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Data and research sit at the heart of public health models of healthcare systems. It is not an exaggeration to state that no meaningful change is possible without the underlying knowledge that change is first necessary, and subsequent confirmation that change was effective. Only in this way can health systems bootstrap themselves up to effective high quality care. Trauma registries have therefore been at the heart of trauma systems since the concept was first introduced nearly half a century ago.
The Trauma Audit and Research Network (TARN) is now the central trauma registry for England and Wales and is deeply embedded in the structure and functioning of the regional major trauma centres and trauma networks. TARN arguably represents the most integrated, responsive and mission-critical trauma registry in the world. However, being a national trauma registry comes with many challenges, demands and limitations. Providers and users of the system must appreciate and manage these aspects of TARN for maximal effective use of the data and for the development of TARN itself.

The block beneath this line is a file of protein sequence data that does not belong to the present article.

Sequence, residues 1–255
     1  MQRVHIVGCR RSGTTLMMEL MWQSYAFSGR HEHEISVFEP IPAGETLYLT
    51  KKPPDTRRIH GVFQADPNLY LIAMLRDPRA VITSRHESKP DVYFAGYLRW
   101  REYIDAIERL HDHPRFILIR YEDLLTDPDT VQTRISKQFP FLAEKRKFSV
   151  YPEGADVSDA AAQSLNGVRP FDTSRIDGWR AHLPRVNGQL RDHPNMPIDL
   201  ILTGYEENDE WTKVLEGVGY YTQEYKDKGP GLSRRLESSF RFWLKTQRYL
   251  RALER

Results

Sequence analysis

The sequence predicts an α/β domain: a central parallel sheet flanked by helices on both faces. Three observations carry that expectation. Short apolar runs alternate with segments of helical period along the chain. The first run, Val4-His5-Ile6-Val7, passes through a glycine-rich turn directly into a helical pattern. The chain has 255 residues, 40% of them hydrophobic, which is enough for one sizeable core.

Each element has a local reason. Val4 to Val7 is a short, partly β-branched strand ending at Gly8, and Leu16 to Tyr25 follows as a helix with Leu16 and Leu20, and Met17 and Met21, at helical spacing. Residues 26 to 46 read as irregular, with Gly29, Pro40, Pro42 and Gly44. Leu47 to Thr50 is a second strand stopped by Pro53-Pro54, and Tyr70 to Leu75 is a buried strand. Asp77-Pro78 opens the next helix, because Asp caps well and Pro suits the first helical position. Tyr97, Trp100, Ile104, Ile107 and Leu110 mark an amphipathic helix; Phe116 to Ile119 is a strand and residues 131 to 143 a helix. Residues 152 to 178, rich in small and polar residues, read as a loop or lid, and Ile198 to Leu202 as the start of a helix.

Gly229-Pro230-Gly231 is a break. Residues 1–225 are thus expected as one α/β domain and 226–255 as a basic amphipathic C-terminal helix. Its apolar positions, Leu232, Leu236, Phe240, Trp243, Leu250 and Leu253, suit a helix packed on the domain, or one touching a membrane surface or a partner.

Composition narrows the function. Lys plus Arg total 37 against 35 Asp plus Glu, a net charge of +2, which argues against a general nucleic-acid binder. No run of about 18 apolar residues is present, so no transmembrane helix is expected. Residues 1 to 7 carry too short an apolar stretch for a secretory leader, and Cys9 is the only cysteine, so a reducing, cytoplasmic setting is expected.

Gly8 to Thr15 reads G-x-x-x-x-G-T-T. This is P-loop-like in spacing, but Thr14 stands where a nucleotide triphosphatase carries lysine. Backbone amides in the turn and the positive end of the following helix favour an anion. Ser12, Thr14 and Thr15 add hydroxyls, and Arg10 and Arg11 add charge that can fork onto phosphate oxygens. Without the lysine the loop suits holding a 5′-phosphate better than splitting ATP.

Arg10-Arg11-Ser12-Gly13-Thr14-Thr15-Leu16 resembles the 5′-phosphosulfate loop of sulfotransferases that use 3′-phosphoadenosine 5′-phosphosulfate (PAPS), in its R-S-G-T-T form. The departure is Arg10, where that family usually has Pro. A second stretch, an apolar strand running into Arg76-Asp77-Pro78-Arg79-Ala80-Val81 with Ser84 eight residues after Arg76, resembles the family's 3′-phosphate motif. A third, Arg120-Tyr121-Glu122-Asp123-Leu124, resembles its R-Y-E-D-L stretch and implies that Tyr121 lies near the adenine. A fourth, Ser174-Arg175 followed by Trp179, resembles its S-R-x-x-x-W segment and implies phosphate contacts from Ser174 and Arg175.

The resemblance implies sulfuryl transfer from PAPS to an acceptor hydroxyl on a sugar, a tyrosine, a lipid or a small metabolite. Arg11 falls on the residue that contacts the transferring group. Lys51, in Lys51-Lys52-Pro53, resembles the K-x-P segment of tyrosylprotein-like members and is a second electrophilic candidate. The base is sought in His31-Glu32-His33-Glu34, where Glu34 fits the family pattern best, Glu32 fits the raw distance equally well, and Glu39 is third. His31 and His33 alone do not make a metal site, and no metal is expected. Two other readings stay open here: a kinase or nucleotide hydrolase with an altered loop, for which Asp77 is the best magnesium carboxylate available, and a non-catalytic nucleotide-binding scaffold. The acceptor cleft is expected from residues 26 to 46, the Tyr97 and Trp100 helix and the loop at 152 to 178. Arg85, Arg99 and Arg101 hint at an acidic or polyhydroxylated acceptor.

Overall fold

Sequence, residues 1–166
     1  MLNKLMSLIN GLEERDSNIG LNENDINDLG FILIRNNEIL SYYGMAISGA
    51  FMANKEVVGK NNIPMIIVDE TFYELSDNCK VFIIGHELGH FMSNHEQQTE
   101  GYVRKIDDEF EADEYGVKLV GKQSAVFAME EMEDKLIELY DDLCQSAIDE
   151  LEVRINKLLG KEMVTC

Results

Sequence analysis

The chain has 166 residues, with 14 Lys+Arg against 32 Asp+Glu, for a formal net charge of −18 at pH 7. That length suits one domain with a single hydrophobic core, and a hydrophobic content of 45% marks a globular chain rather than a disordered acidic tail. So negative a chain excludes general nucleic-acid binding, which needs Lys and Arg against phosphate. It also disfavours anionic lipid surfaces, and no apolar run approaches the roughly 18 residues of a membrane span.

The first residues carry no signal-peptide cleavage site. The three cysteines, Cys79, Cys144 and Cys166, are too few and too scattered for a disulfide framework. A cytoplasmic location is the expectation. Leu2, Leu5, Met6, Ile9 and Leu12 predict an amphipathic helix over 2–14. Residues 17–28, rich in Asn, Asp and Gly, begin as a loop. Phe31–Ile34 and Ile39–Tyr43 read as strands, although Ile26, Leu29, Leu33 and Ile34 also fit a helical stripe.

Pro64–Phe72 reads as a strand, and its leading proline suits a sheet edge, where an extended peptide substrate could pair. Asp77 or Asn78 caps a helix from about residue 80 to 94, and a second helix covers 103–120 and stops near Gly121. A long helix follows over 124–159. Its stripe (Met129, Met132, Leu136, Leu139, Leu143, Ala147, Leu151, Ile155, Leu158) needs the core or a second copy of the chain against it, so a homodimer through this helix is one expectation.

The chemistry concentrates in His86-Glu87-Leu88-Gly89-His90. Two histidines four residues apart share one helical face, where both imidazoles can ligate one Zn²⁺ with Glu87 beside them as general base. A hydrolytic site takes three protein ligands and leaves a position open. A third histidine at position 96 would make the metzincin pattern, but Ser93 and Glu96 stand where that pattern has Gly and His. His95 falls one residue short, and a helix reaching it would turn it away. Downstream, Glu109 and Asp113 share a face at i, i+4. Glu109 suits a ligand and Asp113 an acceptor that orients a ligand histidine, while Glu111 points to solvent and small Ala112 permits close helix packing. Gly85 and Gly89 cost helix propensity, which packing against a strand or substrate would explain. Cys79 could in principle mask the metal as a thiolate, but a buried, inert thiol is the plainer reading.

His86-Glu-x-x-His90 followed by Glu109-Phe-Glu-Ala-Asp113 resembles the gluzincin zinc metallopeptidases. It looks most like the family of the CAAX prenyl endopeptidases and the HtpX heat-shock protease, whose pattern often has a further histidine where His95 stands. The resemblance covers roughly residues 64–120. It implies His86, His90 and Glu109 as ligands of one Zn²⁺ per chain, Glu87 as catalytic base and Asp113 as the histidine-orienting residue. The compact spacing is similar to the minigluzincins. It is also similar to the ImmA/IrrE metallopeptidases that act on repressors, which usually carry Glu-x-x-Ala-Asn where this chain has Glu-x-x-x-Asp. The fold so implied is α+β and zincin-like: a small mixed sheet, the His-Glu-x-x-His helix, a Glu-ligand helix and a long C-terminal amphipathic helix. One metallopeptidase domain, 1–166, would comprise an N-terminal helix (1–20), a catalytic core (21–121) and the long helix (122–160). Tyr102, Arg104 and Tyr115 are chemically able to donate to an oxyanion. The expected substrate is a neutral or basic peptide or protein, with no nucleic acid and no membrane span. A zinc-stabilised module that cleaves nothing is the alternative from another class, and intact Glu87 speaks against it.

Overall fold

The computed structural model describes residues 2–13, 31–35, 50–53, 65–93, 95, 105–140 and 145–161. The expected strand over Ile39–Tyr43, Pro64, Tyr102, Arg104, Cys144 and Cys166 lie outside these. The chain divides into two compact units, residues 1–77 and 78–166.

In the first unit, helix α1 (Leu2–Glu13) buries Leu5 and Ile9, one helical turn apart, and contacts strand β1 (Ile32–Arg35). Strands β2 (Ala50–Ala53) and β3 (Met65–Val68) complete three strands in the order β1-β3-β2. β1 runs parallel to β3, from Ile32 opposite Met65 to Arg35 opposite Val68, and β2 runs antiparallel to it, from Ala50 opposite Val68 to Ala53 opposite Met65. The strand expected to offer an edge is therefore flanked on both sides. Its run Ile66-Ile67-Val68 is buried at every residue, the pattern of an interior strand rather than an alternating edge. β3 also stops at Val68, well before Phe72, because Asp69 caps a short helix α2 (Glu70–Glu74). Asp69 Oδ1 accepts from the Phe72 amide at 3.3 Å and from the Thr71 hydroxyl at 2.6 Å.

Mission creep is the scourge of trauma registries. At their core, trauma registries exist to inform the trauma centre or trauma system's performance improvement programme. However, over time, others see the potential utility of the data and the users and stakeholders expand, each placing slightly different demands on the registry. Thus audit leads to research, research leads to health service delivery, delivery leads to commissioning, and all roads lead to finance. These demands exist at multiple levels—individuals and departments within an institution, the trauma centre itself, the regional network and supra-regional or national programmes. Each user group would like a few more fields added to the registry, not appreciating the additive cost and effort in collecting each single data point. It is conceptually a lot easier to add a field …
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Competing interests None declared.
Provenance and peer review Commissioned; internally peer reviewed.